Meditation gives mind time to think about all previous poor life choices
A recent study has revealed that the calming and quietening effects of meditation are easily offset by the fact that the mind uses this time to remember bad decisions, obsessively try to remember the name of the girl at school who once called you a slag so you can look her up on Facebook later, and cringing yourself inside out over the time you called your boss ‘mum.’
Mandy Judge, 34, from Great Yarmouth, has been attending guided meditation sessions for six weeks now. She described, “I attend the sessions because it’s nice to have 45 minutes to sit down without being interrupted by my kid needing his arse wiped, or my line manager who thinks I’m the only person who can clear a paper jam, just because I fluked it once.”
She continued, “I try and follow the instructions and clear my mind, focusing on nothing but my breath. But nature doesn’t like a vacuum, and the space is quickly filled up with repressed memories. Like last week, when I suddenly remembered that I once wore a white flared catsuit to a school disco. The shame of it completely eradicated the soothing sounds of falling rain the instructor puts on.”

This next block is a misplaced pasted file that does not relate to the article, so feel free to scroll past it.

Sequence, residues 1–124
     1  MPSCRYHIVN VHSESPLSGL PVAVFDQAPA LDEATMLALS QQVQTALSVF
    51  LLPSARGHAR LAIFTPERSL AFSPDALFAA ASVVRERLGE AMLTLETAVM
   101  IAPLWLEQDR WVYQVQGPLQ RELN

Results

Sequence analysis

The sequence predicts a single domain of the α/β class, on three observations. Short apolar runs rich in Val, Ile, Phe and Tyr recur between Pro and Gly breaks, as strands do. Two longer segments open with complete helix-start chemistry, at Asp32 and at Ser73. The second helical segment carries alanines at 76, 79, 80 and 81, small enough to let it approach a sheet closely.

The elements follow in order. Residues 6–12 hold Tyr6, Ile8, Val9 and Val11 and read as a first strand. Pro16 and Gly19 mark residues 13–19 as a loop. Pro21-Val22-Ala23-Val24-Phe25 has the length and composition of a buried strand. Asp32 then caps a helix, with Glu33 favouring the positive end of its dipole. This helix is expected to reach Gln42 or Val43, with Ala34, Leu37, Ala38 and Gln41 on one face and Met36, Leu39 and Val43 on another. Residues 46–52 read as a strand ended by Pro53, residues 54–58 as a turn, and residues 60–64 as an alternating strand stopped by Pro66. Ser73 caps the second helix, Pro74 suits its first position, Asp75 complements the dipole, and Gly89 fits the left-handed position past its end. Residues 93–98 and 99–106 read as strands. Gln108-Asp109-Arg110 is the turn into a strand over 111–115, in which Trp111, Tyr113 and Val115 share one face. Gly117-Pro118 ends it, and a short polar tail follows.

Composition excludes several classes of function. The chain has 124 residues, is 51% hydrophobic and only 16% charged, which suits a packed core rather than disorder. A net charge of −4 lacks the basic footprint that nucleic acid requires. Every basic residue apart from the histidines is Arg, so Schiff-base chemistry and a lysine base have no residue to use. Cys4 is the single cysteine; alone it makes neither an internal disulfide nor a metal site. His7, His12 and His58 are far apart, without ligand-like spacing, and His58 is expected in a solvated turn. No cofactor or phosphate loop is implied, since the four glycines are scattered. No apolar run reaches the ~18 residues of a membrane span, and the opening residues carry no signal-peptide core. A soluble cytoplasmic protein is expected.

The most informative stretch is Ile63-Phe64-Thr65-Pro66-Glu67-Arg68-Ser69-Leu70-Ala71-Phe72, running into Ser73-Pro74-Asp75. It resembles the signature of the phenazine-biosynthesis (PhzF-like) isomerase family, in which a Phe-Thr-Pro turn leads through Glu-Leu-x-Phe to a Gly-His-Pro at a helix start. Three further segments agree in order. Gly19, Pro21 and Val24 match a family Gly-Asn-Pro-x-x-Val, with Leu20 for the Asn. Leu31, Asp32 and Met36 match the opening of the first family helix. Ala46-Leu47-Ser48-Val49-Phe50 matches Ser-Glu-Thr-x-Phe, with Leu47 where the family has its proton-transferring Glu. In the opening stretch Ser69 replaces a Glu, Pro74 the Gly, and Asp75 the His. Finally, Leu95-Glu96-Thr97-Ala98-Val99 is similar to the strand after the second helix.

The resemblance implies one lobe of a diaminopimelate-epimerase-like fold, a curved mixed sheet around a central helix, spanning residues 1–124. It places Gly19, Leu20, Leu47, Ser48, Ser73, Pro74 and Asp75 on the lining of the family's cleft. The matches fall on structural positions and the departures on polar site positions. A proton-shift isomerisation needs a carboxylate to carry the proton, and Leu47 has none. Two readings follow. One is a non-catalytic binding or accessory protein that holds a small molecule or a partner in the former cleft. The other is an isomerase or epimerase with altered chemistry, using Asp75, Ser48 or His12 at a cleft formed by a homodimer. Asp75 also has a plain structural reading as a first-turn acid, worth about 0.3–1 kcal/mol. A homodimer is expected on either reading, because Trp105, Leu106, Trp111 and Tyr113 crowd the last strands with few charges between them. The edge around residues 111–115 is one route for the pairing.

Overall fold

Meditation has been shown to increase general wellbeing, improve the immune system, and reduce cortisol levels. Instructor Blossom Sandyfoot, 57, explained, “the important thing is to train yourself to be able to move on from these intrusive thoughts as they find you, and return your concentration to your breathing.”
She added, “it’s not always easy. I was stumped for a good five minutes in a class last week, when I remembered the time I drank six pints of Guinness on a first date and shat myself on the backseat of his car. I hadn’t thought about it for years. My cortisol immediately spiked. I took a deep breath and forced myself to repress it again. It’s the healthiest way of dealing with it.”
Blossom’s sessions run on Thursdays at the Hemsby Corn Exchange.